Their message — that if you have sufficient faith in God and the Bible and donate generously, God will multiply your offerings a hundredfold — is reassuring to many in hard times.
Tag: prosperity gospel
A roundup of religion news stories, including: Town kicks out Scientology front group Turns out Harry Potter is a ‘Zionist plot’ ‘Prosperity Gospel’ feels runs into financial turbulence Some Church of England schools cater almost exclusively to Muslim pupils Sufi Muslims considered valuable allies in the fight against extremism Angels call for witches’ pardons Gay students at BYU still struggle for acceptance Vatican rehabilitates Holocaust denier Outrage at busty Virgin Mary fashion models — and more…
Has the so-called Prosperity gospel turned its followers into some of the most willing participants — and hence, victims — of the current financial crisis?
While researching a book on black televangelism, says Jonathan Walton, a religion professor at the University of California at Riverside, he realized that Prosperity’s central promise — that God will “make a way” for poor people to enjoy the better things in life — had developed an additional, dangerous expression during the subprime-lending boom.
If this scam worked as advertised, Benny Hinn and others like him would be giving you money…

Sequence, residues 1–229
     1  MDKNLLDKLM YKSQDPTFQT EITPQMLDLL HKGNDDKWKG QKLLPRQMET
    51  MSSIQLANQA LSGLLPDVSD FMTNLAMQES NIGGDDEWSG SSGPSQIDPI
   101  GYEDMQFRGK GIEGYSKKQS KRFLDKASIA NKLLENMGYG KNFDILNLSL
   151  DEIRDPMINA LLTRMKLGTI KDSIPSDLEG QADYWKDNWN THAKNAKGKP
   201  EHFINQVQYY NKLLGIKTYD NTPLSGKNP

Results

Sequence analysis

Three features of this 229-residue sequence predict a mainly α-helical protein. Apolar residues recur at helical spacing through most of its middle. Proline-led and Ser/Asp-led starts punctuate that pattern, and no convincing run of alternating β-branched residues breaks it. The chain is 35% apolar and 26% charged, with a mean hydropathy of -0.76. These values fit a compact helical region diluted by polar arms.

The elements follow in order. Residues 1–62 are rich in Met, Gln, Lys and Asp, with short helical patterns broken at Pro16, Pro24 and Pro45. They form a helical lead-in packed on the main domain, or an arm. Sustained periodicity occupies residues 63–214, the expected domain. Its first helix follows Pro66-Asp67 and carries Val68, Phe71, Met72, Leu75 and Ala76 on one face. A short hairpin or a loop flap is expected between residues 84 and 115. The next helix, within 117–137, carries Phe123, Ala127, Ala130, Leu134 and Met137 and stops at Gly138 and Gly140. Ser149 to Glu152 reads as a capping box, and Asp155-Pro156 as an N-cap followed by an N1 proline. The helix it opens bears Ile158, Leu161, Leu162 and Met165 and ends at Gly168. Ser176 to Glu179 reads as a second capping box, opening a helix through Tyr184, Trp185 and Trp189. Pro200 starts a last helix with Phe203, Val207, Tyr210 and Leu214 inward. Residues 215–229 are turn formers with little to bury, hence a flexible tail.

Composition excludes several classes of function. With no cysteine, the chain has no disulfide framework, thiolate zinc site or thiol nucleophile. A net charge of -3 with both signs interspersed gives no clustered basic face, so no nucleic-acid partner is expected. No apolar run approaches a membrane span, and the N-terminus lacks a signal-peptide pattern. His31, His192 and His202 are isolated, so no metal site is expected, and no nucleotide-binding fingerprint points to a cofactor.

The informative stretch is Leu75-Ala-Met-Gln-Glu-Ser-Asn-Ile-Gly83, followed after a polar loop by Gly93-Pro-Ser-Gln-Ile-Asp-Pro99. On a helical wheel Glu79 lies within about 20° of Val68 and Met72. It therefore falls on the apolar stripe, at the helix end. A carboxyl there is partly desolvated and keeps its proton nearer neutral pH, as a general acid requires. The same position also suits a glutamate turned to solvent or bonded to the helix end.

The Internal Revenue Service is investigating whether Living Word Christian Center violated the law for favorable compensation and loan dealings it gave to church founder and pastor Mac Hammond.
The church has resisted demands by the IRS to open its books for an audit, and the agency filed a petition in United States District Court ordering the church to comply.
The so-called ‘Prosperity Gospel‘ — which claims that God wants you to be rich (but only after you give money to televangelists) — appears to work for a select group of people: relatives of the televangelists who came up with the ‘Blab-it-and-grab-it’ ploy.
Mind you, you must be fast. Last time this con trick was used the blessing was “poured out” for two minutes only.
“There’s a lot of doctrine that teaches that you’re not a good Christian unless you’re poor. But that’s not our doctrine, that’s not what we believe,” the younger Copeland told KTVT-TV.
North Texas preacher Kenneth Copeland is leading a counterattack against the U.S. senator who is investigating alleged lavish spending by six high-profile televangelists.
Followers of the Rev. Daniel S. Mundell invested in his gospel of wealth, but say they saw little return.